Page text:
Eco Friendly – Wood being a renewable resource is inherently environmentally friendly in comparison to mining for metals or oil extraction (oil being the raw material for the manufacture of uPVC). All the timber used for our wooden doors is FSC certified (forest stewardship council), meaning it’s come from aa renewable and responsibly managed source, you can even trace it back to where it was produced!
Aesthetics – Timber is one of natures great masterpieces, being visually pleasing, incredibly strong but also, and vitally important in this case, a fantastic insulator. The appearance of a genuine timber door can’t be understated, the look and feel of natural timber will add value to your home.
uPVC Framed Doors
You might be under the impression after reading everything we have said about timber and Aluminium doors that we don’t like uPVC, you’d be wrong. Upvc doors are a great product! We just feel that in recent years, with all the advances in the core materials and coatings, there are even better options available if your budget permits. Modern uPVC doors are reinforced to provide good security and as with all doors, any glazing be it double or triple, will keep the cold on the outside and the heat in your home, helping to reduce heating costs. They also offer minimal maintenance, and may well match the finish on your existing windows. All this being said, there is only really one major advantage of uPVC doors these days:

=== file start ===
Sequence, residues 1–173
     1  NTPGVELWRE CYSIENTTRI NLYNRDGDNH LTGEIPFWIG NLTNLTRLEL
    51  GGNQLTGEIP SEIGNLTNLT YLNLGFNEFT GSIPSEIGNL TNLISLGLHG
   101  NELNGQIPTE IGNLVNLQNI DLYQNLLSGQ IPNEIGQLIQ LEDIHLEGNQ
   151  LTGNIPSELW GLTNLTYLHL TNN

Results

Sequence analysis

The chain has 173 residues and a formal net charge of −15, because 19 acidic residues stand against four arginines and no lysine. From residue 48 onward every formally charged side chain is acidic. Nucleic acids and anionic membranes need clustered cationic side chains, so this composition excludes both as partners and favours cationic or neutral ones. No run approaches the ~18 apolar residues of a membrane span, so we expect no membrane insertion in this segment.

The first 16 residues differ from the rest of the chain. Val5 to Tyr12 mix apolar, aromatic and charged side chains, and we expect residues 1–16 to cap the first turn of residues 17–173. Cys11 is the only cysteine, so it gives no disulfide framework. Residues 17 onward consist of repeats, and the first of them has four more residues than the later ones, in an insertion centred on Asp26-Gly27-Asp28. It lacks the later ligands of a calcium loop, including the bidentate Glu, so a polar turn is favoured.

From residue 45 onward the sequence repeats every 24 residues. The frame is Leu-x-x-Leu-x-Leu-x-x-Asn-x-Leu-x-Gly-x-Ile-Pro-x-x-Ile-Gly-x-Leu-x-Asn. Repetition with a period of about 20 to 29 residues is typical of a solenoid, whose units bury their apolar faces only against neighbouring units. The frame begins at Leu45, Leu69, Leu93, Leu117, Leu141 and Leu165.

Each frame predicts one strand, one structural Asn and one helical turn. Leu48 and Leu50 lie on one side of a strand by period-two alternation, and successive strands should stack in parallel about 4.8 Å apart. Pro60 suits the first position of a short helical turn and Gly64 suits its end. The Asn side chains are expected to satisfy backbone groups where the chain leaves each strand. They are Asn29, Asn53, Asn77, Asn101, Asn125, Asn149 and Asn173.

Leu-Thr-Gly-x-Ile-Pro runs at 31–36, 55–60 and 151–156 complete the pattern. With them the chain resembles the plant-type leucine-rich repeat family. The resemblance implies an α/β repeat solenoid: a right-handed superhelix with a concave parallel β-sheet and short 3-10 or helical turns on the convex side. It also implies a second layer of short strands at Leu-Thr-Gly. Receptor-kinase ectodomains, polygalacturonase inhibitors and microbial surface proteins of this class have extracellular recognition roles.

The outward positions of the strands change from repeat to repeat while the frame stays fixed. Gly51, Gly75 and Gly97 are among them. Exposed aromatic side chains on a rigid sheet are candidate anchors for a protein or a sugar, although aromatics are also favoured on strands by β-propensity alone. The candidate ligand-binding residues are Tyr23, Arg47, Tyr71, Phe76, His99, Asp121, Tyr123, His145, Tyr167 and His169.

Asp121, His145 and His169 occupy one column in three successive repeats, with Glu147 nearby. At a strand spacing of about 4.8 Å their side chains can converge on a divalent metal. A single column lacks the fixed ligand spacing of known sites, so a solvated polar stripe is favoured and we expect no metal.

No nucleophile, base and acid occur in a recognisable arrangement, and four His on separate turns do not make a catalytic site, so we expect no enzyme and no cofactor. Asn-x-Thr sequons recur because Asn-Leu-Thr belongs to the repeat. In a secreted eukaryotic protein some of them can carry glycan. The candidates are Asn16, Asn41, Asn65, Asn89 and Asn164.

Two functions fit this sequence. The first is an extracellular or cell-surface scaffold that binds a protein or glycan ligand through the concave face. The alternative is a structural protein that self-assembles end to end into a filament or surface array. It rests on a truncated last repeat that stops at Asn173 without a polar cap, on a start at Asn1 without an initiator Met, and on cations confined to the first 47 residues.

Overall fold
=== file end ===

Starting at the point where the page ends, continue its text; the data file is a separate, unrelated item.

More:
Cost – Because of the relatively cheap process for producing uPVC, they are usually the cheapest option, so if you need to replace a door and are on a tight budget, this may be the way to go. This could of course change in the future with soaring oil costs, but for now uPVC doors are almost always cheaper, just as functional and thermally insulated.
So, what is the best material for bifold doors to be made from? We usually recommend Aluminium for a contemporary look, or wood for a more traditional or country feel, both will last a lifetime and have minimal maintenance long into the future.
If you have any comments, please feel free to leave them below, alternatively if you have questions specific to our own range of doors or your own specific requirements, please get in touch through the contact form.